Overall grade: C-minus. The Blue Jackets have qualified for the playoffs in each of the last four seasons, and that streak is in serious danger of ending. Columbus has been one of the NHL’s biggest disappointments this season.
Players: B-minus. The Stars aren’t as bad as their record suggests, as they can play quite well at even strength (they are top 10 in 5-on-5 Corsi for percentage, per Natural Stat Trick). But they’re still relying on just a few players to generate offense. Dallas has had to manage a few key injuries early in the season, as it has notably been without its two best forwards: Tyler Seguin (whose hip surgery has kept him out all season) and Alexander Radulov (who recently returned after 15-game absence).
Coach: B-minus. Though they’ve been dealt some early adversity — including injuries, and playing the fewest games thanks to two schedule pauses — the Stars have been able to maintain their defensive identity. Slow starts can be an issue for Rick Bowness’ team. In 13 games where the opponent scores first, Dallas has just one win. The power play was red hot to start the season, but cooled off. On the plus side, Bowness has navigated a potential goalie controversy pretty well, with Jake Oettinger outplaying Anton Khudobin.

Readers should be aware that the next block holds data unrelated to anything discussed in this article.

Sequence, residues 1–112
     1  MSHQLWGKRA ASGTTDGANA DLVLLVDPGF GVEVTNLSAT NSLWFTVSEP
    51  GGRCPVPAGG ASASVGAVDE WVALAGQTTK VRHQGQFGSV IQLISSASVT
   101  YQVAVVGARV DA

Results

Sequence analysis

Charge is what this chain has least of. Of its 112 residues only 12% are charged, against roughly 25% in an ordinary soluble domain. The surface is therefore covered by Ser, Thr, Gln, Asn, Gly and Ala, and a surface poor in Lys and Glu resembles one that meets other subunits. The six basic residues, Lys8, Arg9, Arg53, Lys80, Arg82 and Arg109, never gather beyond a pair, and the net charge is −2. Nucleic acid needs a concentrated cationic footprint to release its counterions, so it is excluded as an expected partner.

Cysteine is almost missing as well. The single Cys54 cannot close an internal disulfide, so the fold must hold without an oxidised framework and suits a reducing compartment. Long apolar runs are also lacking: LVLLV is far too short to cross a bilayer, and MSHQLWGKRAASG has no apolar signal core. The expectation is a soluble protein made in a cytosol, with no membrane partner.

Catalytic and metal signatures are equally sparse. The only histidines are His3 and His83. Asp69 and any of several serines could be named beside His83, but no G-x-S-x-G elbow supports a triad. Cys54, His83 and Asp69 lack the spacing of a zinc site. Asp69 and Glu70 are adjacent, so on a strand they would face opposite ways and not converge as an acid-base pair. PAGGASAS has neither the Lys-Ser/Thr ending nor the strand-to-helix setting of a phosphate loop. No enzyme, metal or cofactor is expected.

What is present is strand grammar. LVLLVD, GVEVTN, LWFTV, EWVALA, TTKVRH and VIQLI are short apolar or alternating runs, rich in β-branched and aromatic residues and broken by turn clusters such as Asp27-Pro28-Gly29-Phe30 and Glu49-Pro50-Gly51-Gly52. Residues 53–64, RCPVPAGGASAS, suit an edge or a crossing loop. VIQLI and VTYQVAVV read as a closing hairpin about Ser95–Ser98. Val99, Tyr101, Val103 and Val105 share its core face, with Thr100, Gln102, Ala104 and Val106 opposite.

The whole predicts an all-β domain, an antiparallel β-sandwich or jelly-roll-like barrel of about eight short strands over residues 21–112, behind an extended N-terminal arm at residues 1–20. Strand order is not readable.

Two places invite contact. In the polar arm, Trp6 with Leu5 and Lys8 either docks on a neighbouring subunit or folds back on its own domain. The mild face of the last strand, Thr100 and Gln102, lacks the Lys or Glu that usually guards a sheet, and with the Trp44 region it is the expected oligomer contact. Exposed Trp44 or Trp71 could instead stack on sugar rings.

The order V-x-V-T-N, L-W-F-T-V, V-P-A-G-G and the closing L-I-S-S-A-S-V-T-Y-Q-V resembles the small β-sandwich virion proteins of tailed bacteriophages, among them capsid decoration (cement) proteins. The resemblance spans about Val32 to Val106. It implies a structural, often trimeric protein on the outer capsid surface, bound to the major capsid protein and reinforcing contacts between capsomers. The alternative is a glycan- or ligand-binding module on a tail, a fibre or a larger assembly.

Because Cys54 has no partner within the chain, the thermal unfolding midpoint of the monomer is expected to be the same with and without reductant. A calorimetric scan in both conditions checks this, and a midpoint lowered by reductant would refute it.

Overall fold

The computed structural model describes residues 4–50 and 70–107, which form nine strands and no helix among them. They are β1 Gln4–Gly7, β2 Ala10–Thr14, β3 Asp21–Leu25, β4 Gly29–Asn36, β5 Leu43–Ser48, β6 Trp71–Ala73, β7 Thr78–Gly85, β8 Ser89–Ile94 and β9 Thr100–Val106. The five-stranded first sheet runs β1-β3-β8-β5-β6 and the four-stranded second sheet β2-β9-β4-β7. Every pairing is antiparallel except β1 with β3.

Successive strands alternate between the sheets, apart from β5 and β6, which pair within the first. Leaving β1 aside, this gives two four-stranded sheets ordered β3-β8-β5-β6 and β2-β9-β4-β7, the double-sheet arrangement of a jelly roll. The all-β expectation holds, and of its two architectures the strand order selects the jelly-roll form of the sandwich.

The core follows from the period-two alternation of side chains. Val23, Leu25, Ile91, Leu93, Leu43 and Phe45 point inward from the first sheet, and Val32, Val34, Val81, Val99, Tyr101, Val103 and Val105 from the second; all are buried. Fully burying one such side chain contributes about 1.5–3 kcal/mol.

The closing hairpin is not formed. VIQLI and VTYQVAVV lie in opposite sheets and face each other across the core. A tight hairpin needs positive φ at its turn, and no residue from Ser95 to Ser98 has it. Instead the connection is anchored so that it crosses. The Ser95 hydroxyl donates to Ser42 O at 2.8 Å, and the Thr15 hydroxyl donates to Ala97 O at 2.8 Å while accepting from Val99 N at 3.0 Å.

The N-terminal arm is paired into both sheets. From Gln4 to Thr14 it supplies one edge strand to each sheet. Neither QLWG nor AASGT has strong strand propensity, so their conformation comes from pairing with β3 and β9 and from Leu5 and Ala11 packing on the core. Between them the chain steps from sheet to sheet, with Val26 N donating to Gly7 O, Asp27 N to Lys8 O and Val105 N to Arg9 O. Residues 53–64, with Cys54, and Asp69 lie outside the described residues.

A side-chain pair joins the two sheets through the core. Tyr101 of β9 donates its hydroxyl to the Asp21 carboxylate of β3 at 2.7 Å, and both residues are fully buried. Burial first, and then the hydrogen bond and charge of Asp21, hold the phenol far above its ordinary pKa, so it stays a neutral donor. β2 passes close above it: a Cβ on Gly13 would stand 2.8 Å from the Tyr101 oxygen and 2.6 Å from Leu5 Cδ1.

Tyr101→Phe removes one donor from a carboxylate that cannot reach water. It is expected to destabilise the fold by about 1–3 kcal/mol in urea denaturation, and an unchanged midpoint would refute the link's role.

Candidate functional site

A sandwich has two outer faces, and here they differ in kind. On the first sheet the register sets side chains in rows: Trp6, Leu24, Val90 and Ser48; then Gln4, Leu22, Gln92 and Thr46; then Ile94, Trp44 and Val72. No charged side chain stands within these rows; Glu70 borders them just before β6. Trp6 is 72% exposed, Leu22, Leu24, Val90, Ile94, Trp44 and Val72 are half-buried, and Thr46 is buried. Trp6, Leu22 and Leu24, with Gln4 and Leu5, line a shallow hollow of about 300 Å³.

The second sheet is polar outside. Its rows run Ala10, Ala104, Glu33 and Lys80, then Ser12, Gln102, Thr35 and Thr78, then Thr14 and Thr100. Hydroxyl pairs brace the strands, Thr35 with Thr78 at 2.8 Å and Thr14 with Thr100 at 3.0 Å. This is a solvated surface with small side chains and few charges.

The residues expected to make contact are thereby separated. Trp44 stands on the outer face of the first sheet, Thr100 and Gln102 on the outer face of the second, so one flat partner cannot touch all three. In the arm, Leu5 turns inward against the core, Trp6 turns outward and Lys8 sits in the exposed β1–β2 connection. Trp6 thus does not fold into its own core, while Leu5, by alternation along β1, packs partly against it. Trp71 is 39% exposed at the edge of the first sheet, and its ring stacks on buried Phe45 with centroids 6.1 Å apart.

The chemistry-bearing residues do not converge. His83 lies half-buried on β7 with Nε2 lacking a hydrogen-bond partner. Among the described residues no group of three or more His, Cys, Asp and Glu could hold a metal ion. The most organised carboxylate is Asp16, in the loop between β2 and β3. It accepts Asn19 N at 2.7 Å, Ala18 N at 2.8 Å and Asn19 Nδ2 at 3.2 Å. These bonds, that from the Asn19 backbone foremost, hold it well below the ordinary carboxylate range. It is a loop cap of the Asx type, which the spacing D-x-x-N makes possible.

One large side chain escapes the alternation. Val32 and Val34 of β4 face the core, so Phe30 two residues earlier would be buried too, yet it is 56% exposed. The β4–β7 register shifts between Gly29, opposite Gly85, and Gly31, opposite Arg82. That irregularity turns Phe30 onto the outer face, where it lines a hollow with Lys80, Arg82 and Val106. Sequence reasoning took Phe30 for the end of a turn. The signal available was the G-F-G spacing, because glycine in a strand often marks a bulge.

GM: B-minus. GM Jim Nill didn’t have to do much with the team that made it to the Stanley Cup Final last year. He is also unlikely to make any changes, letting this group run its course and try to make up ground after a slow start. The Stars will get their own deadline acquisitions, with Ben Bishop and Seguin due to return over the next several weeks.
Class president: With some other big names sidelined, Joe Pavelski, 36, is carrying the load. He followed up his strong performance in the bubble by scoring 14 goals through his first 25 games; that’s double what any of his teammates have produced, and as many as he scored all of last season.